Gado Gado

Tuesday, August 25, 2015

There was this hole in the wall in Pasar Boplo in Menteng where we religiously bought our gado gado for the greatest part of my childhood (which was until a few years ago ;) They made the most amazing sauce, which we found out was a blend of peanuts and cashews. And ... wait for it ... coconut milk. It was so smooth, creamy and darned delicious. And I can still recreate the aromas in my palate even now.

Yep! They were more pricey than the average gado gado, considering the 'hole in the wall of a wet market' factor, but we, as well as other well heeled customers with their fancy cars, braved the unpaved road to park in said wet market (rarely did we eat there) and order their amazing gado gado.

This establishment, Gado Gado Cemara, not to be confused with Gado Gado Boplo, has since moved on to a better looking location. However, I, have moved on much too far to enjoy their offering.

This is my humble attempt to recreate their flavorful sauce.

Literally, gado gado, or gado2 as the locals write it, means a melange or a mix. A mix of vibrant greens, usually cucumbers, beansprouts, cabbage, chayote, water morning glory (kangkung), spinach, potatoes, long beans, boiled eggs and my favorite ... emping, which is the crispy cracker made from the fruit of a Melinjo tree.

Now, aesthetics and 'locavoritis' (I'm sure I just coined this word - meaning the disease or the compulsion to use local ingredients) dictate my gado gado. I prefer to use locally grown vegetables of different colours because we all know we should 'eat the rainbow'. And really, colourful veggies on Instagram ... who doesn't 'like' that? Hahaha

And this is what it looks like, plated, with a rice cracker that is the highlight of this fabulous meal!

Well, here is the recipe... I'm not about to portion out the veggies because only you would know how much you'd like. As for the peanut sauce... there's never too much of a good thing. Plus, you can refrigerate it and I bet you'd use it the next day, if only to pour over steaming hot rice. (Yes, my kids do that!)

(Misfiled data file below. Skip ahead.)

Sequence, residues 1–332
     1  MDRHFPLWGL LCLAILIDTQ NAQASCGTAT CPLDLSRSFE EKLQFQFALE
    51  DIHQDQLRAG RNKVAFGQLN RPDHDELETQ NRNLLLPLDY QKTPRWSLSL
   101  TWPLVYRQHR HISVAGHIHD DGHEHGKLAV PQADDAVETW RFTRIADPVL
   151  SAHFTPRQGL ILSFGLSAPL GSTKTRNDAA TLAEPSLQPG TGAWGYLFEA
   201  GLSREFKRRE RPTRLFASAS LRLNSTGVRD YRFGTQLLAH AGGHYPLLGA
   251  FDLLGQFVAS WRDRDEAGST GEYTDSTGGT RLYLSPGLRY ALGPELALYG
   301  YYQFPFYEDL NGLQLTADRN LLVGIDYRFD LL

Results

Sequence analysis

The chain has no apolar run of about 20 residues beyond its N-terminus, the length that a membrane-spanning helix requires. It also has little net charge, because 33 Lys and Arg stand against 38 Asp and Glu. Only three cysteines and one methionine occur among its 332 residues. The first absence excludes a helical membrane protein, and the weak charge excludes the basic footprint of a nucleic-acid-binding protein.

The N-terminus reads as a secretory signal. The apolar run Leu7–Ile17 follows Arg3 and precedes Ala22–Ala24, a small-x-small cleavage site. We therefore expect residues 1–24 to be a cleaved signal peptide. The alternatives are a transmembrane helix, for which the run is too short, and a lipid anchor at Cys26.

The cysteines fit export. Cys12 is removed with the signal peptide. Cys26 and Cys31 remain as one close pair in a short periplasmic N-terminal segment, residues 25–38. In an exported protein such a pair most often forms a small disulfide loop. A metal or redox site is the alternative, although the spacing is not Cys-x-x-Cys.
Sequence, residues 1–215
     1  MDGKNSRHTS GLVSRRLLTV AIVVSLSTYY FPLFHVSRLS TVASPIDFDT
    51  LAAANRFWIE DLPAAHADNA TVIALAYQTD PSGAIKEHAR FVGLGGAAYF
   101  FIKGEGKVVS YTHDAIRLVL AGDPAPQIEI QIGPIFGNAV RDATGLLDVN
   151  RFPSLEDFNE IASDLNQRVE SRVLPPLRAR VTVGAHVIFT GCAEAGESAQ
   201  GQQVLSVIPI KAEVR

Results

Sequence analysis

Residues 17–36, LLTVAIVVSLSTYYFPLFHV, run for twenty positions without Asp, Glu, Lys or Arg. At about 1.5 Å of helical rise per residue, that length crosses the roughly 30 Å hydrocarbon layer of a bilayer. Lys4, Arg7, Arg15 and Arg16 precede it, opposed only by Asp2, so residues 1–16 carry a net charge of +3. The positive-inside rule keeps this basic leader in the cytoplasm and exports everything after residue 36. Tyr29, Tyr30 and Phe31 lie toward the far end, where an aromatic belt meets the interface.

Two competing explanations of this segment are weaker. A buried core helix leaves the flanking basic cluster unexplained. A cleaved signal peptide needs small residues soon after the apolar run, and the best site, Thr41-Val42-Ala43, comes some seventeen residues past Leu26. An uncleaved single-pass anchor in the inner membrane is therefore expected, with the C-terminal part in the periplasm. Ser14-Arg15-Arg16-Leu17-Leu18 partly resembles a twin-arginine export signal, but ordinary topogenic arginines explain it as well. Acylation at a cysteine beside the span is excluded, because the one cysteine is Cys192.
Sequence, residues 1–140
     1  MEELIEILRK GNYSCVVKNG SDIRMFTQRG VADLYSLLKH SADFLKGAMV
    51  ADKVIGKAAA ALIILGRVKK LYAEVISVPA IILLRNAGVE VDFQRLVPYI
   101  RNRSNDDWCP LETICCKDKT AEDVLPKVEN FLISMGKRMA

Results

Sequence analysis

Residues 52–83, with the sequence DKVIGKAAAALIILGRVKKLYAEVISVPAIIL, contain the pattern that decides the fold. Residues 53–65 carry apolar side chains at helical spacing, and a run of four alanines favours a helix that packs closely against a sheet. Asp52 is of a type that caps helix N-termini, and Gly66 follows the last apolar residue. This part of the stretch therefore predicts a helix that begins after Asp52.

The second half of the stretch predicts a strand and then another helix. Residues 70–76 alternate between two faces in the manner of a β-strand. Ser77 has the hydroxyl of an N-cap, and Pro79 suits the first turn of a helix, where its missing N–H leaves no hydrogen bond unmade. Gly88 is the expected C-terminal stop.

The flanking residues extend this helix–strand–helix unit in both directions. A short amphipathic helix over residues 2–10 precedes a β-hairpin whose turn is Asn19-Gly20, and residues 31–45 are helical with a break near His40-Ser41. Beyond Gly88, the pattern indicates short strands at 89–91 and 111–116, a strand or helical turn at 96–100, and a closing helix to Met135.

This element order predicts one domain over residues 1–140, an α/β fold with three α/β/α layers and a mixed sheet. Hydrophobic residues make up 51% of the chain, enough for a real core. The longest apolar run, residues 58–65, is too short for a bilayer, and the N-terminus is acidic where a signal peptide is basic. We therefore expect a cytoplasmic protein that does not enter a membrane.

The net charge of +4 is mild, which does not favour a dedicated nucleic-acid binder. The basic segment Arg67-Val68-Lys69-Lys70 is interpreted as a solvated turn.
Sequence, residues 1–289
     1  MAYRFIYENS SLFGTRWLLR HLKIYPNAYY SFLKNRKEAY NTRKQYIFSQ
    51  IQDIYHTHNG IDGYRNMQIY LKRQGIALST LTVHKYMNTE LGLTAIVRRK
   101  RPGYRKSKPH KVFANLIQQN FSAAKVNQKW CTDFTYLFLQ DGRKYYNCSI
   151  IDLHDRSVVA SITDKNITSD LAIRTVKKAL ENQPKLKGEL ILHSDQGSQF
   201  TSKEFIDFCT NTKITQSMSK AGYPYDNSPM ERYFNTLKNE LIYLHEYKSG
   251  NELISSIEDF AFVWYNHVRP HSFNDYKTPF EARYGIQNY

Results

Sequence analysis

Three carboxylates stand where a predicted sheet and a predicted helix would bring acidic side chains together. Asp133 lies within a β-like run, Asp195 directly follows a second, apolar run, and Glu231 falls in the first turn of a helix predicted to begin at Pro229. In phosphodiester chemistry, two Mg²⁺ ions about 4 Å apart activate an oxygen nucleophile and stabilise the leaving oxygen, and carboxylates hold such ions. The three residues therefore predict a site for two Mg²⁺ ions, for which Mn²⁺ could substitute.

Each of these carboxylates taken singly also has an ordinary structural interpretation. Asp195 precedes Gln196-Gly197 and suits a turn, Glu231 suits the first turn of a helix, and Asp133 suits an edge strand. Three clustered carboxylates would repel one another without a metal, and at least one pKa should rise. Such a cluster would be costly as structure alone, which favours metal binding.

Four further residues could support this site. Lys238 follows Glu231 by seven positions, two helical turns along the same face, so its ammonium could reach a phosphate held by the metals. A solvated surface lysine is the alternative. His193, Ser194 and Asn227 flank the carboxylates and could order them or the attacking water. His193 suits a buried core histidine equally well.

Romaine lettuce
Bean sprouts
Cooked tofu (available in Asian grocery stores)
Hard boiled eggs

Peanut Sauce: (cooking for more than yourself? double it!)
1 cup roasted skinned unsalted peanuts
1/2 cup roasted cashews
1 tsp vegetable oil ... or peanut oil ;)
2 garlic cloves, minced
2 to 4 red chilies, deseeded and sliced (to taste)
6 kaffir lime leaves
1 stalk lemongrass
1/4 cup palm sugar (or brown sugar)
1-1/2 cups coconut milk
2 tbsp kecap manis (sweet soy sauce)
2 tbsp freshly squeezed kaffir lime (or lime)

To serve:
Fried shallots

Prepare vegetables
1. Julienne cabbage, romaine lettuce and carrots. Set aside
2. Blanch these and the bean sprouts in boiling water and place in colander to drain completely.
3. Slice cooked tofu or make your own by pan-frying tofu slices.
4. Slice cucumbers.
5. Quarter hard boiled eggs.
6. Arrange on your plate or serving dish, cover, and place in refrigerator while you prepare the peanut sauce.

Cooking the sauce:
1. In your toughest blender, pulverize the peanuts and cashews with 1/4 cup of the coconut milk. Leave it in there.

2. In a heavy bottomed skillet or pan, heat the oil.
3. Add the garlic, chilies, and kaffir lime leaves, stirring until fragrant.
4. Remove from the pan and add that to the blender, giving it another go.

5. Back on the skillet, cook the rest of the coconut milk with the lemongrass and palm sugar until it comes to a boil.
6. Add the ground nuts to the skillet and bring to boil again.
7. Taste and adjust sweetness with kecap manis.
8. Turn off the heat and add the kaffir lime juice just before serving.
9. Oh, and remove the lemongrass. It was only for the aroma.
10. Cool before using. Nobody likes hot peanut sauce ... or do they?

We like our peanut sauce on the gritty or chunky side, but if you prefer a smoother gravy-like consistency, blend it again. Also, if you find that the sauce is too thick, add some water to the consistency you'd like.

If your blender tolerates high temperatures, you may want to pour the cooked coconut milk (very very carefully) into the blender ... er ... without that lemongrass stalk ... and take it on from there.

10. Remove your artistically arranged vegetables from the refrigerator and pour the cooled peanut sauce liberally on top.
11. Top with fried shallots and my favorite ... emping.

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